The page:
Many times, the newly diagnosed canine diabetic's blood glucose levels are quite high; he/she may not be interested in food, especially if you're trying to change to a different diet because of the diabetes. Since you're not able to give the normal dose of insulin unless enough food is eaten, it's most important that the shots be given otherwise there will be no improvement in the high blood glucose levels. [4] The answer here is to let him/her eat whatever he/she will gladly eat in the interest of being able to give full doses of insulin as directed, [5] putting the diet change "on hold" for the time being.

The same is true for a dog experiencing low bg's in that he or she may not be immediately interested in food. But in order for you to be able to counteract the effects of too much insulin, you need to be able to follow up the fast-acting sugar source with food; the sugar source will quickly get the blood glucose levels up, but will not be able to keep them up. [6]

In this situation too, you need to go with whatever your dog will happily eat, whether it's considered good "diabetic" food or not; [7] it's possible to achieve regulation feeding non-prescription food. [8][6] This quote from Dr. Tony Buffington at Ohio State University says it all: [9] "Remember, it is always better for a patient to eat some of the "wrong" diet than none of the "right" diet!"

Treatments for inappetanceEdit

Medications and supplementsEdit

If your pet's inappetance is caused by a course of antibiotics, consider adding a probiotic like Culturelle, [10] which is available at vitamin stores, to the animal's food to minimize diarrhea. Nausea and vomiting caused by antibiotics also can be treated with Pepcid AC--plain famotidine, not the Pepcid Complete.


Common Appetite Stimulant Drugs-General

Valium (diazepam) [11][12][13]
Alprazolam/Xanax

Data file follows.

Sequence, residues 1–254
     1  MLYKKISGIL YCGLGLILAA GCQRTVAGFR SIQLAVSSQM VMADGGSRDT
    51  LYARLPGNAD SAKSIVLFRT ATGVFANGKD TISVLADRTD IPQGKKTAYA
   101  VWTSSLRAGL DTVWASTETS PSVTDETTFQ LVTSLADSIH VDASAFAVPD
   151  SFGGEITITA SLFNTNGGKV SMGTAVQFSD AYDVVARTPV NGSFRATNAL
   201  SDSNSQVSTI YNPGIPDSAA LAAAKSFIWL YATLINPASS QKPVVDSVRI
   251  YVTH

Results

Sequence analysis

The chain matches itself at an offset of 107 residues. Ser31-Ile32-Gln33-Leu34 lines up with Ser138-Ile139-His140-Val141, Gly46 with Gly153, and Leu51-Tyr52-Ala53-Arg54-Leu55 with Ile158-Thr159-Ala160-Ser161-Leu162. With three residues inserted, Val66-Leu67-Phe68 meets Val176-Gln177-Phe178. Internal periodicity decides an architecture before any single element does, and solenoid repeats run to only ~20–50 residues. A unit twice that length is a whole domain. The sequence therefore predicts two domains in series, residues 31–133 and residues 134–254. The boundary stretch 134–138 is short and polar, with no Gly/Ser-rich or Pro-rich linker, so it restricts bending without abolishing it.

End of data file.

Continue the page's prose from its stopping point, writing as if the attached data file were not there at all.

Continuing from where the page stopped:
Oxazepam/Serax [14]


Some drugs shown at these Merck Veterinary Manual links [12][13] are not appropriate for all species; some are also not appropriate for pets with diabetes.

“Special foods”Edit

When presented with inappetance, some caregivers mix into the food low-carb treats that the pet will readily accept, such as tuna or tuna juice, boiled chicken or roasted pork,or baby food. In serious cases of inappetance, caregivers may offer higher carb food that the pet finds palatable. (With this choice, the caregiver needs to seriously consider the effect of that food on insulin dosage and timing.) I16

ReferencesEdit

  1. Grooters, Amy M. (1999). Insulin is essential for many metabolic processes.
  2. Richards, Mike. Getting Regulated. Richards, Mike-Vetinfo4cats.
  3. Caninsulin-Page 15-Basal Dose Shown as 30% of Usual Dose. Intervet. Archived from the original on 2006-08-20.
  4. Cook, Audrey (2007). Latest Management Recommendations for Cats and Dogs with Nonketotic Diabetes Mellitus. DVM 360.
  5. Schall, William (2009). Diabetes Mellitus. DVM 360.
  6. 6.0 6.1 Ruchinsky, Renee, et. al. (2010). Diabetes Management Guidelines for Dogs and Cats-page 9. American Animal Hospital Association (AAHA).
  7. Vetsulin-Nutrition-Will Your Dog Eat the Food?. Intervet.
  8. Vetsulin-Nutrition-dietary control. Intervet.
  9. Buffington, Tony (2004). Food Intake in Therapy. WSAVA.
  10. Culturelle Website.
  11. Rickards, Rick. Valium-Diazepam. PetTalk.
  12. 12.0 12.1 Drugs Affecting Appetite. Merck Veterinary Manual.
  13. 13.0 13.1 Drugs Used to Stimulate Appetite. Merck Veterinary Manual.
  14. Oxazepam/Serax. Petplace.com.


More InformationEdit